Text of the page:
And what communion hath light with darkness? regenerate men are made light in the Lord; they are enlightened into their state and condition by nature, to see the exceeding sinfulness of sin, to behold the glory, beauty, fulness, and suitableness of Christ, so as to be sensible of their need of him, and to be able to look unto him for life and salvation; they are enlightened more or less into the doctrines of the Gospel, and the duties of religion; and their path is a shining light, shining more and more unto the perfect day. Unregenerate persons are "darkness" itself; they are dark and ignorant of God in Christ, of the way of salvation by Christ, of the work of the Spirit of God upon the heart, and of the mysteries of grace; they know not themselves, nor the sad estate they are in; they are born, and brought up in darkness worse than Egyptian darkness; they go on in it, and if grace prevent not, will be cast into utter and eternal darkness. Now, what "communion" can there be between persons so different one from another? for what is more so than light and darkness? these the God of nature has divided from each other; and they are in nature irreconcilable to one another, and so they are in grace.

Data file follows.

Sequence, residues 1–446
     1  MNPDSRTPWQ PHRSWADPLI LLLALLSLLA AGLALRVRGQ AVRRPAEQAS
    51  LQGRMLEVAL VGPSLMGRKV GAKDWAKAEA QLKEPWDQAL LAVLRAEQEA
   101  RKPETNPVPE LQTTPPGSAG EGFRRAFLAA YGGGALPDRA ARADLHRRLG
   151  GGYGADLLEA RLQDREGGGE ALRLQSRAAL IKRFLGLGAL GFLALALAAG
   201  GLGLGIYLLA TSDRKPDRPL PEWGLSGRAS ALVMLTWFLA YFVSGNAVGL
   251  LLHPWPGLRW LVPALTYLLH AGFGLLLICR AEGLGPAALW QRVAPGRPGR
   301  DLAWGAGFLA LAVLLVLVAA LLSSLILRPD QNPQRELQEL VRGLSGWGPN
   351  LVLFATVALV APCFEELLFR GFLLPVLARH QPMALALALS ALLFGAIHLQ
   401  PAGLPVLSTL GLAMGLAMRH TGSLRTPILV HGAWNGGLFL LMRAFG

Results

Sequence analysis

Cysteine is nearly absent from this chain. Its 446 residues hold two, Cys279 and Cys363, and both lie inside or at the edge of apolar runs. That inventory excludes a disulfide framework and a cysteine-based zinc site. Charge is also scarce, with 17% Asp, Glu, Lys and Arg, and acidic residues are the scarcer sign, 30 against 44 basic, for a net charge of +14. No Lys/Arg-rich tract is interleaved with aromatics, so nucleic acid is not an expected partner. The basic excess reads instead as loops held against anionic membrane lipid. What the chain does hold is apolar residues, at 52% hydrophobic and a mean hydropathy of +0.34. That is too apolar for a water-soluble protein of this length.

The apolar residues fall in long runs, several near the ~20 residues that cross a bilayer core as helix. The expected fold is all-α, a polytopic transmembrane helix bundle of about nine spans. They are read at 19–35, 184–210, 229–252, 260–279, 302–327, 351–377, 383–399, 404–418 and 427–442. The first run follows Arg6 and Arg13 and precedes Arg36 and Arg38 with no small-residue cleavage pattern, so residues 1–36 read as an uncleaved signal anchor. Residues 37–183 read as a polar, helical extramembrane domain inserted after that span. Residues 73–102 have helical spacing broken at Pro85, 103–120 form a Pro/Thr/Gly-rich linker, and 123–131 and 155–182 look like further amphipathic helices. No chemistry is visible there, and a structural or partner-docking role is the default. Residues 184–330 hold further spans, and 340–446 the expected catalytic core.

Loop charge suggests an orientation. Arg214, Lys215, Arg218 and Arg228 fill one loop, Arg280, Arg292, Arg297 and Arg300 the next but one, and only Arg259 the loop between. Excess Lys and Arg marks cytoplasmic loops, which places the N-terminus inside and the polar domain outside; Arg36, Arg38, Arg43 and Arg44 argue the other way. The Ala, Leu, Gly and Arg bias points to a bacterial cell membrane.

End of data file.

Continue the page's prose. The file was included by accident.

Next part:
Jamieson-Fausset-Brown Bible Commentary
14. Be not—Greek, "Become not."
unequally yoked—"yoked with one alien in spirit." The image is from the symbolical precept of the law (Le 19:19), "Thou shalt not let thy cattle gender with a diverse kind"; or the precept (De 22:10), "Thou shalt not plough with an ox and an ass together." Compare De 7:3, forbidding marriages with the heathen; also 1Co 7:39. The believer and unbeliever are utterly heterogeneous. Too close intercourse with unbelievers in other relations also is included (2Co 6:16; 1Co 8:10; 10:14).
fellowship—literally, "share," or "participation."
righteousness—the state of the believer, justified by faith.
unrighteousness—rather, as always translated elsewhere, "iniquity"; the state of the unbeliever, the fruit of unbelief.
light—of which believers are the children (1Th 5:5).
2 Corinthians 6:14 Parallel Commentaries
2 Corinthians 6:14 NIV
2 Corinthians 6:14 NLT
2 Corinthians 6:14 ESV
2 Corinthians 6:14 NASB
2 Corinthians 6:14 KJV
Bible Hub: Online Parallel Bible